(a) With the prior approval of the Commissioner, the conservator of a merchant bank may borrow money to aid in the operation, reorganization, or liquidation of the bank, including the payment of liquidating dividends.

(b) With the prior approval of the Commissioner, the conservator may secure money borrowed under subsection (a) of this section by the pledge, hypothecation, or mortgage of the assets of the merchant bank.


(June 9, 2001, D.C. Law 13-308, § 320, 48 DCR 3244.)


§ 26–831.21. Termination of conservatorship.

(a) If the Commissioner determines that termination of the conservatorship and resumption of the transaction of the merchant bank’s business by the merchant bank can be achieved and maintained in a safe and sound manner and is otherwise in the public interest, the Commissioner may petition the Superior Court to terminate a conservatorship and permit the merchant bank to resume the transaction of its business, subject to terms, conditions, restrictions, and limitations as the Commissioner determines are appropriate.

(b) If the Superior Court determines that reasons for the conservatorship no longer exist, the Superior Court may dissolve the conservatorship and terminate any pending proceedings.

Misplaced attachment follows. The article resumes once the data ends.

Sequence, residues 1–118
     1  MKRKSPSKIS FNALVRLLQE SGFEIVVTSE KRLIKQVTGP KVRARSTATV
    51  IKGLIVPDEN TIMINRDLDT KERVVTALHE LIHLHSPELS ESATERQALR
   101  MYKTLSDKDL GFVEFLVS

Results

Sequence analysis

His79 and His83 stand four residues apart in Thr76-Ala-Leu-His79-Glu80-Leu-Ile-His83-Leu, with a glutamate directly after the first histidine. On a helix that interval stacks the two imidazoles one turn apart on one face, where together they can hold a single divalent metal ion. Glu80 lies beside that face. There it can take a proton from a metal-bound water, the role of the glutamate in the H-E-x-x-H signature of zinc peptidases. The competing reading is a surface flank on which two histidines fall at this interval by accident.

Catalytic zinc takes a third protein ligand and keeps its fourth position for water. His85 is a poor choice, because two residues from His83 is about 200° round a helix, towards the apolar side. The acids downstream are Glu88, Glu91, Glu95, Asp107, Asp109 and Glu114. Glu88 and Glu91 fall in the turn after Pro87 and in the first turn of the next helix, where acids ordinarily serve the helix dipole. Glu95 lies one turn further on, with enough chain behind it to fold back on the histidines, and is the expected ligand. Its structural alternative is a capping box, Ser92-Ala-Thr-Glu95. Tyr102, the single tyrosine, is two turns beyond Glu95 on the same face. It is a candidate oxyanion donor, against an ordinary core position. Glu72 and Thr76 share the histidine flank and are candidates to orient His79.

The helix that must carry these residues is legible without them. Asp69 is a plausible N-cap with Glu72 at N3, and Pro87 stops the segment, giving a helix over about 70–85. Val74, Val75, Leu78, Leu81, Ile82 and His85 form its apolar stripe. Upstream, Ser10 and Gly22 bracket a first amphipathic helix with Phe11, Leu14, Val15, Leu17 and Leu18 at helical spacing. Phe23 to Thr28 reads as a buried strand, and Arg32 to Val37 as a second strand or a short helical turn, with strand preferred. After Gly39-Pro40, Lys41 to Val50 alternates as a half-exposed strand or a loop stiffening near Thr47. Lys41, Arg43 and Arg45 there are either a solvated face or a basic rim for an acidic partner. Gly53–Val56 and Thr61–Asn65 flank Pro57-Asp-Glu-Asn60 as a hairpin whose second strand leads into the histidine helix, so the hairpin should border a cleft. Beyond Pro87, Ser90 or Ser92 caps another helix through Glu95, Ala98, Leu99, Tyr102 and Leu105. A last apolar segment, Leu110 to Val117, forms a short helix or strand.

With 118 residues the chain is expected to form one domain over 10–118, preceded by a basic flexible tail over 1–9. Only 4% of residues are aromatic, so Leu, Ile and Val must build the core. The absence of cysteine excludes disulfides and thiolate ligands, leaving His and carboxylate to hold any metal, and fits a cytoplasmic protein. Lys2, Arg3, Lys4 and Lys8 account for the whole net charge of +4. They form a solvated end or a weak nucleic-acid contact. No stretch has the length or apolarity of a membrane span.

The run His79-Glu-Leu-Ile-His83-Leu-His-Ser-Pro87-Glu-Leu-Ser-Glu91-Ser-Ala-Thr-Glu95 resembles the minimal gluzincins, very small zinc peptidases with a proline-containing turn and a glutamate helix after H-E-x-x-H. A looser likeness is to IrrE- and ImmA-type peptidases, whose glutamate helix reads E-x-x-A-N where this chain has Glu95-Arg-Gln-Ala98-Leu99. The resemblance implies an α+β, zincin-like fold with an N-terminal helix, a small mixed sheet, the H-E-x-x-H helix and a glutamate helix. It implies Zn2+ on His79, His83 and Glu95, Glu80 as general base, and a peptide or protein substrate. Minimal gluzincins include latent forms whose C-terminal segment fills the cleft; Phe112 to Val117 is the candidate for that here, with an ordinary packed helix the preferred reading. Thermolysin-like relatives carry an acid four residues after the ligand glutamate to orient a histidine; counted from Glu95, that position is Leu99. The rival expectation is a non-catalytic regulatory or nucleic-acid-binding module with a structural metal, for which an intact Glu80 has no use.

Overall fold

(c) If the Commissioner determines that it would be in the public interest, the Commissioner may petition the Superior Court for termination of a conservatorship and appointment of a receiver for the merchant bank under § 26-833.12.


(June 9, 2001, D.C. Law 13-308, § 321, 48 DCR 3244.)


Subchapter VI. Miscellaneous Provisions.

§ 26–831.22. Rules.

The Commissioner may prescribe rules governing the activities of merchant banks and implementing this chapter pursuant to subchapter I of Chapter 5 of Title 2. The rules shall take into account the objective of merchant banks to provide needed capital to businesses and the nondepository nature of merchant banks.


(June 9, 2001, D.C. Law 13-308, § 322, 48 DCR 3244.)

Cross References

Financial institutions organized under federal law, application of District law, see § 26-710.

Secured transactions, sales of accounts and chattel paper, security interest, attachment and enforceability, transactions remain subject to this chapter, see § 28:9-203.